“Though the name of liberty delights the ear, and tickles the fond pride of man, it is a jewel much oftener the play-thing of his imagination than a possession of real stability; it may be acquired to-day in all the triumph of independent feelings, but perhaps to-morrow the world may be convinced, that mankind knows not how to make a proper use of this prize, generally bartered away in a short time as nothing but a useless bauble [trinket] to the first officious master who will take the burden from the mind, by laying another on the shoulders of ten-fold weight.”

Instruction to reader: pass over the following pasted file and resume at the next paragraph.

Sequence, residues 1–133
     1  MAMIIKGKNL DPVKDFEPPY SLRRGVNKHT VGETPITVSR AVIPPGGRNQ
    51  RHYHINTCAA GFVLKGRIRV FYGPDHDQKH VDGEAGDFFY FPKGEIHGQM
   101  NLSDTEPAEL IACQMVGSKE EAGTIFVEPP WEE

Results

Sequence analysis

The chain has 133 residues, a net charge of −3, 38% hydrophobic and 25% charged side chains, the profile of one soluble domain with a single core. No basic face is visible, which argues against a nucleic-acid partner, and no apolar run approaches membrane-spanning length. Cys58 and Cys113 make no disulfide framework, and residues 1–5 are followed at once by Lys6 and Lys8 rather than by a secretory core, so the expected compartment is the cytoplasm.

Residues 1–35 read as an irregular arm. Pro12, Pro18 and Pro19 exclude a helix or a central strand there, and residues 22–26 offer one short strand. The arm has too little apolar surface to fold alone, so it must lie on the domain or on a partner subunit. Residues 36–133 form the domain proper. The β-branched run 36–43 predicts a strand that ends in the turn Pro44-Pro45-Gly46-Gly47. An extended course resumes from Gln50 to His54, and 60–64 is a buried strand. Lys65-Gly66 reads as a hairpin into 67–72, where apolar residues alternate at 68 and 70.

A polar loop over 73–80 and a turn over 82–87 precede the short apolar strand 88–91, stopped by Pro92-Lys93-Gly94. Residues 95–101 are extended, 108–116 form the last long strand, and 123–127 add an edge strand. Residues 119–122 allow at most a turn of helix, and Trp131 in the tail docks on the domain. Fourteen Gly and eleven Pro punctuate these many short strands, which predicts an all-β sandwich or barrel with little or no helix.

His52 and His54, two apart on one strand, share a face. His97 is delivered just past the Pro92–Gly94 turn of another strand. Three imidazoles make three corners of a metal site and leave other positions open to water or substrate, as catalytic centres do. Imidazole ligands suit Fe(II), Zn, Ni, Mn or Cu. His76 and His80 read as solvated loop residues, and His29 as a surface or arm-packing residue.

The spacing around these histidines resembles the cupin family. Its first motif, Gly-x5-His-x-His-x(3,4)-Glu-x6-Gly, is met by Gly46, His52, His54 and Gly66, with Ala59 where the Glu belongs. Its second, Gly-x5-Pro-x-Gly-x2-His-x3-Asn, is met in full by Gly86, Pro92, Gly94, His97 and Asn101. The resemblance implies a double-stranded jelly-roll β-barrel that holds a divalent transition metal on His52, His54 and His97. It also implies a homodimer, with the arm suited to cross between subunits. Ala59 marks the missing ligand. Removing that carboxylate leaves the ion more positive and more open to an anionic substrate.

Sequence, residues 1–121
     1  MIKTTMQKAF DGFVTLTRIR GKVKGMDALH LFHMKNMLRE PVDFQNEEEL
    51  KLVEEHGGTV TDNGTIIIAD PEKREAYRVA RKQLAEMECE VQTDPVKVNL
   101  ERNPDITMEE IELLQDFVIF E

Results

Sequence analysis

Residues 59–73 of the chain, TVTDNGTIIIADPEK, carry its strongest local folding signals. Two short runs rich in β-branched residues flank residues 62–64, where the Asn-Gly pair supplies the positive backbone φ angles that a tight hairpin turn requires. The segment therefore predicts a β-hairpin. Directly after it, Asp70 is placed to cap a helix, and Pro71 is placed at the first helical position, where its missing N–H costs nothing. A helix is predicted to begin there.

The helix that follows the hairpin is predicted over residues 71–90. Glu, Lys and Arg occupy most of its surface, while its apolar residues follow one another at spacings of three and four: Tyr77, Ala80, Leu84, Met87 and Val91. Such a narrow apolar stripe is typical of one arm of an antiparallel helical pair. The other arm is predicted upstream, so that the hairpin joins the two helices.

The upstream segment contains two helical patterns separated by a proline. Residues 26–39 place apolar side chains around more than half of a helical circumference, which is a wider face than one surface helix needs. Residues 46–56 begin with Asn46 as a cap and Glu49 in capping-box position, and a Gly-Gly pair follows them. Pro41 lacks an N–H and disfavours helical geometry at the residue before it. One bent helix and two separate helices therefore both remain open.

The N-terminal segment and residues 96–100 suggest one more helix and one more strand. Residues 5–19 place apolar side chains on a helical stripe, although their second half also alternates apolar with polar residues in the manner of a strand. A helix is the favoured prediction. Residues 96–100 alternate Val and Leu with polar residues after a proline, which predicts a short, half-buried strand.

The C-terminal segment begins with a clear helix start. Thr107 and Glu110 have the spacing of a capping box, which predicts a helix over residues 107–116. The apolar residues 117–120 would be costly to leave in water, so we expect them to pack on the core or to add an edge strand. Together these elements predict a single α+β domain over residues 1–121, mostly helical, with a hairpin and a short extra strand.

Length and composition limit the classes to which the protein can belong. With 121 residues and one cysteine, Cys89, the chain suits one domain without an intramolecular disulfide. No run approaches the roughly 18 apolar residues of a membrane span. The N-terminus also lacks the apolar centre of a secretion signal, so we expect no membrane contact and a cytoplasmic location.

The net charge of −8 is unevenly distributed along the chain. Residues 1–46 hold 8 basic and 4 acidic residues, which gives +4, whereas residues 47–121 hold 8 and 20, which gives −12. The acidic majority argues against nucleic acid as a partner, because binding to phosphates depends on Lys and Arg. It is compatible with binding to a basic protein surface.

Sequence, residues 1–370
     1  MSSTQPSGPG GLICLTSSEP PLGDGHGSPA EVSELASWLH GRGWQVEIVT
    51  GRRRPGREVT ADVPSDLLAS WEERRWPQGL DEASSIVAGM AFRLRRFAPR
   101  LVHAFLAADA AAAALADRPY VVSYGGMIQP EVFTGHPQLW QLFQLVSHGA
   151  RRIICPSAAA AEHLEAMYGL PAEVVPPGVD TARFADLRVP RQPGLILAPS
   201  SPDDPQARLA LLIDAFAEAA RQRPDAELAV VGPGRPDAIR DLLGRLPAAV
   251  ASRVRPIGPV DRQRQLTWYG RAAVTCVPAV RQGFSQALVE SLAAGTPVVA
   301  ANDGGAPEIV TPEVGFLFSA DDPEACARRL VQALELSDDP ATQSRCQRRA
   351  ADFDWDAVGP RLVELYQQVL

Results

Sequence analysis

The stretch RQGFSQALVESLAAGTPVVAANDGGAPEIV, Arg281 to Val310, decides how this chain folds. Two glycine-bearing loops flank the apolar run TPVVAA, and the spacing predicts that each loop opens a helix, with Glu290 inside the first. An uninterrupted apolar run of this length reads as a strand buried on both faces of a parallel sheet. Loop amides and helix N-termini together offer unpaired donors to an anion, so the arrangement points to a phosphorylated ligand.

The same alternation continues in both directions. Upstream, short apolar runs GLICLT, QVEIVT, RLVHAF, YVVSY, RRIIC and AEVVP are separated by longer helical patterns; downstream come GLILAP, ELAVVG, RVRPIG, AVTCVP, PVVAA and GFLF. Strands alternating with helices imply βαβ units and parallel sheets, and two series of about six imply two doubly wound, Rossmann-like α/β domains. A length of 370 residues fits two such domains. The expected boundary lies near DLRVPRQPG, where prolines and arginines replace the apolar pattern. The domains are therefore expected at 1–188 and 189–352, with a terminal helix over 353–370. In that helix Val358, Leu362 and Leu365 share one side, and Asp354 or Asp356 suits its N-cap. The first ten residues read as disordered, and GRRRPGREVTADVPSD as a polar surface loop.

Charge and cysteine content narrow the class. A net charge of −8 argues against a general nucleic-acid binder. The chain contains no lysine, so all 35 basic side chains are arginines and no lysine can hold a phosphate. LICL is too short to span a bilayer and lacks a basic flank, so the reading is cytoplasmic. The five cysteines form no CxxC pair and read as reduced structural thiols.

— Mercy Otis Warren, 1805; from “History of the Rise, Progress, and Termination of the American Revolution”
I first came across this quote in a lecture given by Brad Birzer back in 2011 called The Meaning of Liberty During the American Founding. I have provided an audio copy of that lecture, with some accompanying notes. Click on the link.